There is of course no doubt the driver is liable for some form of charge, and that the basis of the charge is trespass. The signage states "Failure to comply with the rules made by the landowner will mean your vehicle is trespassing and will result in the issue of a charge notice of £130"

The parking company, ACE Security Systems (also known as Pace Recovery and Storage Systems Ltd), contacted the person who the driver impersonated and started to badger them into paying the remaining five charges. This person explained they were not the driver. This was of course, patently obvious as they were a much older person and their voice did not match with the voice on the recording.

ACE Security then made one enquiry to the DVLA. The enquiry was made on 12/09/2014 for the parking event on 27/01/2014. ACE Security then started writing to the keeper to demand payment. The keeper was a woman and therefore could not have been the driver. The enquiry to the DVLA was made outside the timescales for keeper liability and so there was no keeper liability either. ACE Security therefore had no basis for contacting the keeper whatsoever, but this not stop them bulling and harassing her.

Luckily ACE Security do not belong to an ATA so there is no-one to stop them doing this, there is no independent appeals service which the motorist can appeal to and there is no control on the level of charges. The letters therefore continued.

ACE Security ask the DVLA to cough up data on the basis that the landowner has been trespassed against. Their website clearly claims they are acting as a car park management company.

The DVLA requires car park management companies to belong to an ATA. ACE Security do not, but this does not stop the DVLA from supplying keeper data anyway. When the keeper complained, the DVLA replied as follows.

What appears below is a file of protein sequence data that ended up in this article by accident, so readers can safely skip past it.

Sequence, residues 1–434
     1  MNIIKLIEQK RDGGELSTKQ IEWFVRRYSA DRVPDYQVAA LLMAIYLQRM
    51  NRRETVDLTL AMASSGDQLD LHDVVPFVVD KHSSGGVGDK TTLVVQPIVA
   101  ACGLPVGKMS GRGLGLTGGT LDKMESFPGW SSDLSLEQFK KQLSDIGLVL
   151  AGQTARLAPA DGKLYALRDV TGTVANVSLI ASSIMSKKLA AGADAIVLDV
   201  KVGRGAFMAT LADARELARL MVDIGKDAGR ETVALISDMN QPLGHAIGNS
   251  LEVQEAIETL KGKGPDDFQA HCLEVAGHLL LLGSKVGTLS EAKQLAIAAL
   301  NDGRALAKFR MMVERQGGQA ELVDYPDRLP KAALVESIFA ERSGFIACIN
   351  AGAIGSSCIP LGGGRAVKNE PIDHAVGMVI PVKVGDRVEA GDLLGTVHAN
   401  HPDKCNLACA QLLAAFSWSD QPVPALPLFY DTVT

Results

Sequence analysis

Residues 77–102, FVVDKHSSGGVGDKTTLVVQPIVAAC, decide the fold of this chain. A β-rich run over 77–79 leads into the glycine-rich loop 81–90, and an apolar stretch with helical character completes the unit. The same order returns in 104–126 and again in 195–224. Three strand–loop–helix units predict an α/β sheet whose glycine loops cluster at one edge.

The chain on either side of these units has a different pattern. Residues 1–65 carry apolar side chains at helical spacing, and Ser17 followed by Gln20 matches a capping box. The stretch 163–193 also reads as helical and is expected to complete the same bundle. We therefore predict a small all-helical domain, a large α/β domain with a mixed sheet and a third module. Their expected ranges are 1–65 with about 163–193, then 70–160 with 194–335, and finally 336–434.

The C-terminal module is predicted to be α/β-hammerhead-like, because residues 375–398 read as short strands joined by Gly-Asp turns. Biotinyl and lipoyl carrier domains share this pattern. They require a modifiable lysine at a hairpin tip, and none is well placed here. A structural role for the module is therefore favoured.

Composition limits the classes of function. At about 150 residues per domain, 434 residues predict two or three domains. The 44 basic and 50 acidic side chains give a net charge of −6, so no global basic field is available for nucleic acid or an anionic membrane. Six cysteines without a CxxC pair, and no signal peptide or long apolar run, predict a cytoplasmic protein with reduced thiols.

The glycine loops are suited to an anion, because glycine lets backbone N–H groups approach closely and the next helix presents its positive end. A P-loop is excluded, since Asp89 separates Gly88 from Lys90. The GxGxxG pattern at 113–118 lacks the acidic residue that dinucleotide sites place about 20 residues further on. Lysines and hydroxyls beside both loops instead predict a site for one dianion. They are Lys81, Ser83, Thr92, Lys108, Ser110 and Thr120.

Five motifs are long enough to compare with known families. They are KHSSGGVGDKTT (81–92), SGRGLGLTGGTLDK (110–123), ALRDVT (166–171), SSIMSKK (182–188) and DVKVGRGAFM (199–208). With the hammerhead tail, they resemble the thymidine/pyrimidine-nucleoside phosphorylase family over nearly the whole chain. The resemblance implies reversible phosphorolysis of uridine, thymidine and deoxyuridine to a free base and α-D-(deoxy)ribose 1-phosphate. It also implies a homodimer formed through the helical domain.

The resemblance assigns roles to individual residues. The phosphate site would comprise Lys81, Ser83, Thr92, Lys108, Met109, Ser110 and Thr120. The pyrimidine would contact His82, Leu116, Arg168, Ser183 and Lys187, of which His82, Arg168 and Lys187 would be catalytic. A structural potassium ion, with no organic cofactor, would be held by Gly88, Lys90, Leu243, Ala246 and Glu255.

Stating they had to supply data until the judicial revue is concluded is of course is a slight fib by the DVLA. The judge's order only required them to provide data to Proserve until the judicial review is over - not to any Tom Dick and Harry who asks for it. Additionally, the ACE Security request was made on 12/9/2014. The order that Proserve had to be supplied with data was only made on 17/12/2014.

The DVLA letter therefore gives no valid explanation as to why ACE Security was given data at that particular time, and it is apparent that the DVLA will give out data to anyone who asks for it without making proper checks.

Following a large amount of other letters, ACE Security finally filed a claim against the impersonated person. The claim was for trespass.

When a claim is made for trespass only someone who has an interest in the land can make the claim*, and additionally the charge must be for actual damage caused by the trespass. If no damages have occurred, a nominal amount of £1 is usually used. A 1.5 tonne vehicle parked on tarmac designed to hold a 1.5 tonne vehicle is not likely to cause any damage. The nominal sum of £1 would therefore apply.

So what we have here is a claim made against someone the claimant should reasonably have known was neither the driver nor the keeper, for trespass when the claimant had no no apparent interest in the land, and for an amount of £975 (£195 per charge) which had no relation to any possible trespass damage caused.

Despite this Thomas Brown of Bowles Solicitors filed a claim anyway.